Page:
Justice Nnamdi Dimgba of the Federal High Court in Abuja, Tuesday, freed an oil magnate and chairman of Atlantic Energy Drilling Concepts Nigeria Ltd, Mr Jide Omokore of alleged fraud and money laundering allegations.
Justice Dimgba freed Omokore and two of his firms, Atlantic Energy Brass Development Ltd and Atlantic Energy Drilling Concepts Ltd, on the grounds that the prosecution, the Economic and Financial Crimes Commission (EFCC), failed to prove the ingredients of the charge and consequently discharged them from all the charge.
The pronouncement came almost seven years after the anti-graft agency arraigned the defendants in 2016 for allegedly diverting over $1.6 billion belonging to the federal government under the guise of oil swap.
It was the case of the EFCC that the defendants under false pretense obtained crude oil from the government when they never had the required funds or expertise to execute the said agreement between them and the federal government.
But delivering judgment in the suit, Justice Dimgba described the issues between the government and the defendants, which gave rise to the suit as “a relationship which has gone bad”.
The court for clarity divided the 15 counts charge into four aspects – obtain by false pretense; conspiracy to obtain by false pretense, money laundering and taking possession of proceeds of money laundering.
Justice Dimgba held further that after a careful analysis of both oral and documentary evidence before him, there was no evidence that the 1st to 3rd defendants obtained by false pretense the said oil swap deal from the federal government.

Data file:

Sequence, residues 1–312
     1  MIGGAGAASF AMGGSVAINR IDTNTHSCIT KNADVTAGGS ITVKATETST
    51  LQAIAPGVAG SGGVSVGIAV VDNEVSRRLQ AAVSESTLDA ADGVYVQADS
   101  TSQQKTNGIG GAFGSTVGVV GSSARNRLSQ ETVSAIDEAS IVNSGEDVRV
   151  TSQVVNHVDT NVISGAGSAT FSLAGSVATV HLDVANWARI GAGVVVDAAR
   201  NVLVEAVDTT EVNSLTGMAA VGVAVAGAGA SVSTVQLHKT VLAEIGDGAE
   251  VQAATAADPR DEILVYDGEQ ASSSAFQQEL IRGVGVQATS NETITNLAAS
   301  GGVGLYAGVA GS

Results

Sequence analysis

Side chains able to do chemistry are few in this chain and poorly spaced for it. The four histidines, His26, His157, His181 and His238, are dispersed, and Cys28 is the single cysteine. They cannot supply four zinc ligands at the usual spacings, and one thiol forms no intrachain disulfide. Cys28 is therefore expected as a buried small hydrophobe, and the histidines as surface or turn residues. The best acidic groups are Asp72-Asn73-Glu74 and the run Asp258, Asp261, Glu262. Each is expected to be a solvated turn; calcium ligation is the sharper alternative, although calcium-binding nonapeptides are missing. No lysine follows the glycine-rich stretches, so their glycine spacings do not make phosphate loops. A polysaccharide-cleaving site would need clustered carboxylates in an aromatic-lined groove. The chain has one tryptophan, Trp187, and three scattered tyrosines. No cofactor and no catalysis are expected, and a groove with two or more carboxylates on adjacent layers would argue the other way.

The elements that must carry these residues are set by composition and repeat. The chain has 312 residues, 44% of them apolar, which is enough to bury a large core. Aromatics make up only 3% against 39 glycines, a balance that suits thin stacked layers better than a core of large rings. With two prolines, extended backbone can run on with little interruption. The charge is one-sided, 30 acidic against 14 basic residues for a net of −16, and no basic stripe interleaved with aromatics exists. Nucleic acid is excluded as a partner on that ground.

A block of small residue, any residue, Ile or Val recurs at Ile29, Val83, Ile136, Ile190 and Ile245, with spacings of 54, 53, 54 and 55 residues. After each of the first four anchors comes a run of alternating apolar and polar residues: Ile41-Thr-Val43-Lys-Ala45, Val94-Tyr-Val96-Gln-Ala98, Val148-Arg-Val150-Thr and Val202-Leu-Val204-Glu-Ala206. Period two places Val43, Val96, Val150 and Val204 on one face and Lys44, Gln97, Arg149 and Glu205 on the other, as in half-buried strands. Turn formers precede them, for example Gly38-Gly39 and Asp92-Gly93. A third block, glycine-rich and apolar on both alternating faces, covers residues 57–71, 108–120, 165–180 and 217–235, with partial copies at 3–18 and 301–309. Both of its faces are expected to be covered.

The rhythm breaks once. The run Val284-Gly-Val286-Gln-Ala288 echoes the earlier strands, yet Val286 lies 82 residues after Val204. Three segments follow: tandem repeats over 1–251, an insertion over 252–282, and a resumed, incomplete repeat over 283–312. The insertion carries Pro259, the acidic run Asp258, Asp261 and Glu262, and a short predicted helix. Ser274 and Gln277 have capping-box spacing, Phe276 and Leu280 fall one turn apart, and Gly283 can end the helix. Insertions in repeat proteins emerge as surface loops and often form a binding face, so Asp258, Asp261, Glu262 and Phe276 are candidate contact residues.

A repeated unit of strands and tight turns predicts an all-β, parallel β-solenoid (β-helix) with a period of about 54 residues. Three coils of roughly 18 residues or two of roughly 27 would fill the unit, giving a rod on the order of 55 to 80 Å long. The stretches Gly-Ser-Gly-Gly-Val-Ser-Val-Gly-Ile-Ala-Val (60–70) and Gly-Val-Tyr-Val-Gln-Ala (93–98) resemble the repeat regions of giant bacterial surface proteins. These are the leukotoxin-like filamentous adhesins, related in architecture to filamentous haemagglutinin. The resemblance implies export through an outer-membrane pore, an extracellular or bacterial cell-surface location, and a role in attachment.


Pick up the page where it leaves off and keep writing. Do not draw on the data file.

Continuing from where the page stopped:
According to the judge, the testimony of one of the witnesses, a former Group Managing Director (GMD) of the Nigerian Petroleum Corporation (NNPC), Andrew Yakubu revealed that the agreement between the 1st to 3rd defendants was legally filed and entered into by the parties.
Justice Dimgba, while stating that his findings showed there was a formal procedure followed by the defendants in the lifting and subsequent sale of crude oil to third party, pointed out that the agreements were not procured by fraud or any other unlawful means.
On the issue of competence and capacity, the judge noted that the defendants demonstrated that they had the expertise and the wherewithal to procure crude oil from the NNPC, process same and deliver the monetary equivalent of 5,652,227 barrels of crude oil.
While stressing that the burden of proof is on the prosecution, Dimgba held that the 1st to 3rd defendants did not strike him as a person with fraudulent intent because claim of the 1st defendant that he committed all his resources to executing the agreements were not challenged by the prosecution.
“I find it difficult to see how the 1st to 3rd defendants acted fraudulently,” adding that Yakubu, in his evidence stated that the federal government entered the agreements to “consolidate on the gains achieved from previous agreements”, the Judge said.
Just Dimgba subsequently discharged Omokore on counts 1 to 3 on grounds that the prosecution failed to discharge the burden of proof in relation to the said counts.
On the issue of conspiracy, the court held that there was nothing before it to show that the defendants conspired to carry out the agreements in an unlawful manner because the agreements were lawfully and legally entered into by the parties.
Similarly, the court discharged the defendants on the issue of money laundering on the grounds that the contract was a lawful one and as such monies generated from it cannot be regarded as proceeds of unlawful activities.
Meanwhile, 4th and 5th defendants; Victor Briggs and Abiye Membere, were found guilty of collecting gifts from Omokore contrary to the laws guiding conduct of public servants.
Although, the court had discharged them in the counts 10 and 11 relating to them on the grounds that the money used to purchase the cars gifted them were not from proceed of fraud and money laundering, the court however held that they violated Section 98 of the Criminal Code which forbids public servants from receiving gifts from companies or individuals dealing with their office.
Having found Briggs and Membere guilty of what he described as a lesser offense, Justice Dimgba, subsequently adjourned to Wednesday for allocutus and subsequent sentencing.